Most Leaving Cert students want choice between calculated grades or sitting exams
Some 20,000 responses to survey conducted by Irish Second Level Students’ Union
Most secondary school students want a choice between receiving calculated grades or sitting the Leaving Cert exams this year, according to a survey. Photograph: The Irish Times
Most secondary school students want a choice between receiving calculated grades or sitting the Leaving Cert exams this year, according to a survey.
The findings are based on a survey of 20,000 secondary school students conducted online by the Irish Second Level Students’ Union (ISSU) earlier this month.
When asked to rank options in order or preference, a majority of respondents (55 per cent) listed their first preference as a choice between calculated grades or sitting in-person exams in June.
The next most popular option was calculated grades with ongoing assessment (25 per cent).
The current plan to hold the Leaving Cert exams in June attracted 4 per cent support as a first preference.
ISSU president Reuban Murray said the results showed that students want clarity and it was time for the Department of Education to “learn from the mistakes and delays of last year”.
“We need to plan now for what might be happening regarding exams and the reopening of schools in the coming weeks and months,” he said.
“We’re asking for compassion for the thousands of students who - up until now - have been asked to carry on as normal in what are completely abnormal times.
“It is clear that we need to try something different, and we’re ready and willing to contribute to this with our recommendations in this report.”
He said the union will present the findings to Minister for Education Norma Foley at a Department of Education advisory group meeting on the State exams this Friday.
A spokesman for Ms Foley said earlier this week that it remains the Government’s firm intention to hold a “traditional” Leaving Cert in June. Teachers’ unions have also called for the June exams to go ahead.
However, Ms Foley has signalled that if school do not reopen soon, it will pose challenges in holding traditional exams.
Separately, there has been an increase of just over 5,000 - or about 8 per cent - of third level college applications this year.
The Central Applications Office (CAO) said a total of 66,457 had made their application in time for the reduced-fee deadline, up by 5,070 on the same time last year.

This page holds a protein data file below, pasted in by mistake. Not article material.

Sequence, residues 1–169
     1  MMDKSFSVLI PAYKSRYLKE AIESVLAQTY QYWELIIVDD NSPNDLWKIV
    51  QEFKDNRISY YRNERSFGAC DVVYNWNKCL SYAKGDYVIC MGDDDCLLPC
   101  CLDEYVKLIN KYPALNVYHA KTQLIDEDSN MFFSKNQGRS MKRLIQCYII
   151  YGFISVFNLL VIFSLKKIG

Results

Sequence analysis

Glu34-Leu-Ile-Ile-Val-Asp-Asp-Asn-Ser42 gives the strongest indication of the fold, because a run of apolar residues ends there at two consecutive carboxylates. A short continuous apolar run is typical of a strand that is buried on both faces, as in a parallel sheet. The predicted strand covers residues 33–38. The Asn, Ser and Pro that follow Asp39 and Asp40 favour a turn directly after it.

The “normal” application deadline expires at 5.15pm on Monday, February 1st, while a “late application” facility will open on March 5th and close on May 1st at 5.15pm. However some restrictions apply, particularly in the case of mature applicants.
CAO spokeswoman Eileen Keleghan said applicants do not need to enter courses at this stage and are only required to supply their personal details, tick a box or boxes on the qualifications and assessments section, make a payment and create a password.
“We urge all mature applicants, applicants interested in restricted courses, and those applying for the Dare or Hear schemes to apply before February 1st at 5.15pm in order to avoid restrictions.”
Meanwhile, the ISSU said it will advocate for clarity over the future of the Junior Cert exams.
A majority of Junior Cycle students are also not in favour of exams proceeding as currently planned, with calculated grades or an option of calculated grades and in-person exams gathering a majority of support.
The survey was carried out through the ISSU’s 480 member schools, while students from all schools were also invited to input to the survey. The vast majority of respondent were senior cycle students.
Alicia O’Sullivan, the union’s education officer, said the size of the survey clearly showed the preference of students.
“We have listened and we now have a clearer picture of what students want, and we want to work constructively with the Department and other stakeholders to make sure that all students are catered for, and that their welfare is prioritised over anything else in the coming months,” she said.